Buffalo Soldiers in the West: A Black Soldiers Anthology

Buffalo Soldiers in the West: A Black Soldiers Anthology

Buffalo Soldiers in the West: A Black Soldiers Anthology

Buffalo Soldiers in the West: A Black Soldiers Anthology

Synopsis

In the decades following the Civil War, scores of African Americans served in the U.S. Army in the West. The Plains Indians dubbed them buffalo soldiers, and their record in the infantry and cavalry, a record full of dignity and pride, provides one of the most fascinating chapters in the history of the era. the lives they developed for themselves, their relationships to their officers (most of whom were white), their specialized roles (such as that of the Black Seminoles), and the discrimination they faced from the very whites they were trying to protect. In short, this volume offers important insights into the social, cultural, and communal lives of the buffalo soldiers. history of black soldiers in the West. Previously published in scattered journals, the articles are gathered here for the first time in a single volume, providing a rich and accessible resource for students, scholars, and interested general readers. Additionally, the readings in this volume serve in some ways as commentaries on each other, offering in this collected format a cumulative mosaic that was only fragmentary before. each of its four parts, surveying recent scholarship and offering an interpretive framework. The bibliography that closes the book will also commend itself as a valuable tool for further research.

Excerpt

This anthology—Buffalo Soldiers in the West: A Black Soldiers Anthology— is the result of a collaborative effort by two historians, Bruce A. Glasrud and Michael N. Searles, colleagues who became acquainted with each other while attending western history meetings over the years. During that time they discussed various aspects of African American western history such as black cowboys, white violence and intimidation, black soldiers, and the history of African Americans in the Lone Star State. Both Searles and Glasrud have been interested in the black soldiers in the West, Searles as a result of conversations with Frank N. Schubert as well as Searles’ involvement with re-enactment groups on the campus of Augusta State University, and Glasrud as a result of friendship and initial encouragement on studying the buffalo soldiers from William H. Leckie, subsequent conversations with James N. Leiker and Paul H. Carlson, and Glasrud’s eight-year residence near Fort Davis.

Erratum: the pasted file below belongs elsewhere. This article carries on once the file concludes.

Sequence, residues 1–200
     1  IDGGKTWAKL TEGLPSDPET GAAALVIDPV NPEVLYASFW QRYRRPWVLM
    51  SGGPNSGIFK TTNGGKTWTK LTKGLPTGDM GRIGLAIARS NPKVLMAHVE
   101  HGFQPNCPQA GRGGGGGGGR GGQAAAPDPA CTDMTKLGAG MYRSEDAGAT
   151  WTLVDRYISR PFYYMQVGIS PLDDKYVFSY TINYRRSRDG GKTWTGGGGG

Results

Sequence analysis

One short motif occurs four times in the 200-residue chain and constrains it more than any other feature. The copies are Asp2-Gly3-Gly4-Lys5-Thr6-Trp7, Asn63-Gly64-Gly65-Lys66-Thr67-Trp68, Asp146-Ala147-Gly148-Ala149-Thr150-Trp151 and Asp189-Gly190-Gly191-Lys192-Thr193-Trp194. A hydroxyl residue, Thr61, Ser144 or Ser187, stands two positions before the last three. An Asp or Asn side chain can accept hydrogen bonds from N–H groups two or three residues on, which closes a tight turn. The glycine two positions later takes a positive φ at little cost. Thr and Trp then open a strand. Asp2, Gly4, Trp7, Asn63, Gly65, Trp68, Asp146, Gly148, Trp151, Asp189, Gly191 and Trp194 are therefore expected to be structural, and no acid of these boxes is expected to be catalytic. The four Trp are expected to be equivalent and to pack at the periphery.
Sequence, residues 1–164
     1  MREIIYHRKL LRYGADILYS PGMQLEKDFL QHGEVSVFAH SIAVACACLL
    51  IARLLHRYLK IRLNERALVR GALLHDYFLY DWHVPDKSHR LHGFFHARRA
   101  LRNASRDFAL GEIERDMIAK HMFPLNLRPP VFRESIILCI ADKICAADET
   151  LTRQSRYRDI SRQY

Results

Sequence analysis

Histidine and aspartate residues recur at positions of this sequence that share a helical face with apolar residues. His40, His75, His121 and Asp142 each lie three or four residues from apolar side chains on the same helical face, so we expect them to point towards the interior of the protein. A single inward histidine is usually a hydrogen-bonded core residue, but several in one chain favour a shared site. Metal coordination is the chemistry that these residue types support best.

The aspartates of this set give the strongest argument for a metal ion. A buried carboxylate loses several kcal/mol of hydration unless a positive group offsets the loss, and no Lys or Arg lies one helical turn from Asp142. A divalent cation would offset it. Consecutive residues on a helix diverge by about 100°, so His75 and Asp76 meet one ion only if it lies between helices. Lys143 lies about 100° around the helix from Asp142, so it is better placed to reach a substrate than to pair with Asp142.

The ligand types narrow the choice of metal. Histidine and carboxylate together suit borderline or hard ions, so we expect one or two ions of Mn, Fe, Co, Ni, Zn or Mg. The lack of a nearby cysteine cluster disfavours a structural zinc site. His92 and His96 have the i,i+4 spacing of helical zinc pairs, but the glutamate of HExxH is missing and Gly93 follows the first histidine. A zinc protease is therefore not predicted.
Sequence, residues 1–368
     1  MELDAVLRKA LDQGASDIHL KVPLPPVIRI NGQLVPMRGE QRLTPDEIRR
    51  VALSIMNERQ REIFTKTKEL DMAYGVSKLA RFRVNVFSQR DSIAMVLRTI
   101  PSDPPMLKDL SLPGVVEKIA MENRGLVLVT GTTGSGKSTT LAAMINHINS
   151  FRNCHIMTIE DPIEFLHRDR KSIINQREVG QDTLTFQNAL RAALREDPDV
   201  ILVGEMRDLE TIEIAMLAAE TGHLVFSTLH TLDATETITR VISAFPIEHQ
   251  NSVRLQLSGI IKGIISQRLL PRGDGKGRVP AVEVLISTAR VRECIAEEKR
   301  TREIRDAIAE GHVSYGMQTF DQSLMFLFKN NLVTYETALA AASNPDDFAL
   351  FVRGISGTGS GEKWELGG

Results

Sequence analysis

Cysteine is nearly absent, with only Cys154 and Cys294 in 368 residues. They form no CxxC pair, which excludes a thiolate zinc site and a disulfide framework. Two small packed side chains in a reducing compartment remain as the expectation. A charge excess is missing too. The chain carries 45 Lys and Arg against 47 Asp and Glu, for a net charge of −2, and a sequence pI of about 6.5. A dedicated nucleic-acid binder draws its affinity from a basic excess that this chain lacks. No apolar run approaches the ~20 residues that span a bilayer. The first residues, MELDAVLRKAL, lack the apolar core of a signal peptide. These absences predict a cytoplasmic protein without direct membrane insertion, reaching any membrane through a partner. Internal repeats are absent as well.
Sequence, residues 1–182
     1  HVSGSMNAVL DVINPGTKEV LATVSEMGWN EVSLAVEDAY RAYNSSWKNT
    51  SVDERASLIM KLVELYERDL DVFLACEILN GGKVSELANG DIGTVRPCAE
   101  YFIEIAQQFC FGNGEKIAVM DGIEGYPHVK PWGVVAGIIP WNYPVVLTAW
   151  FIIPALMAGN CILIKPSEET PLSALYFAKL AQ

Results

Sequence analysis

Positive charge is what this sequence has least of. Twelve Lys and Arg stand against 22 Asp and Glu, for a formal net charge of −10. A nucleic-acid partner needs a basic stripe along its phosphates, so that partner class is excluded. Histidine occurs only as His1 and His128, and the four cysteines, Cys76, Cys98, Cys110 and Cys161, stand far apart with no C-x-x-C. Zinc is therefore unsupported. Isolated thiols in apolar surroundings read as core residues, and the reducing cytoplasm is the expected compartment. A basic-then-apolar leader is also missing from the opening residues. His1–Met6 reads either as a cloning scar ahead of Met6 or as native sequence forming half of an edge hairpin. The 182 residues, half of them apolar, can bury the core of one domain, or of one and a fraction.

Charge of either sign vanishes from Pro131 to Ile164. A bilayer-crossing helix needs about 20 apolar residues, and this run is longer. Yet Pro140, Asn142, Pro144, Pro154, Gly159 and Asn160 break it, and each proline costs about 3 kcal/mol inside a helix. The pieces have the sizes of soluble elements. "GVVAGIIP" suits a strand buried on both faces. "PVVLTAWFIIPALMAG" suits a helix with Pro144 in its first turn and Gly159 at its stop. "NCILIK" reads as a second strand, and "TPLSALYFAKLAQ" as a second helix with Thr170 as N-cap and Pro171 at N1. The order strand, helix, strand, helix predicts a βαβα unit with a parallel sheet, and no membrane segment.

With that foundation, this book focuses on the buffalo soldiers, the African Americans in the latter years of the nineteenth and early twentieth century who were primarily engaged in soldiering in the western United States. They compiled a proud and honorable, albeit difficult and rigorous, record on the racial and military frontier of the United States. They reckoned with racism, they spent much of their military service on a violent and often lawless frontier, and they struggled to make a better, more equitable life for themselves in the U.S. West. As Frank “Mickey” Schubert put it in his essay, “Buffalo Soldiers: Myths and Realities:”

of primary importance is the fact that buffalo soldiers participated in
major mainstream American processes, the expansion of the United
States and its populations and the displacement of native peoples.
At the same time, because of white racism and the discrimination
that it spawned, they performed their duties and lived the lives of
soldiers under conditions that were peculiarly trying (p. 4).

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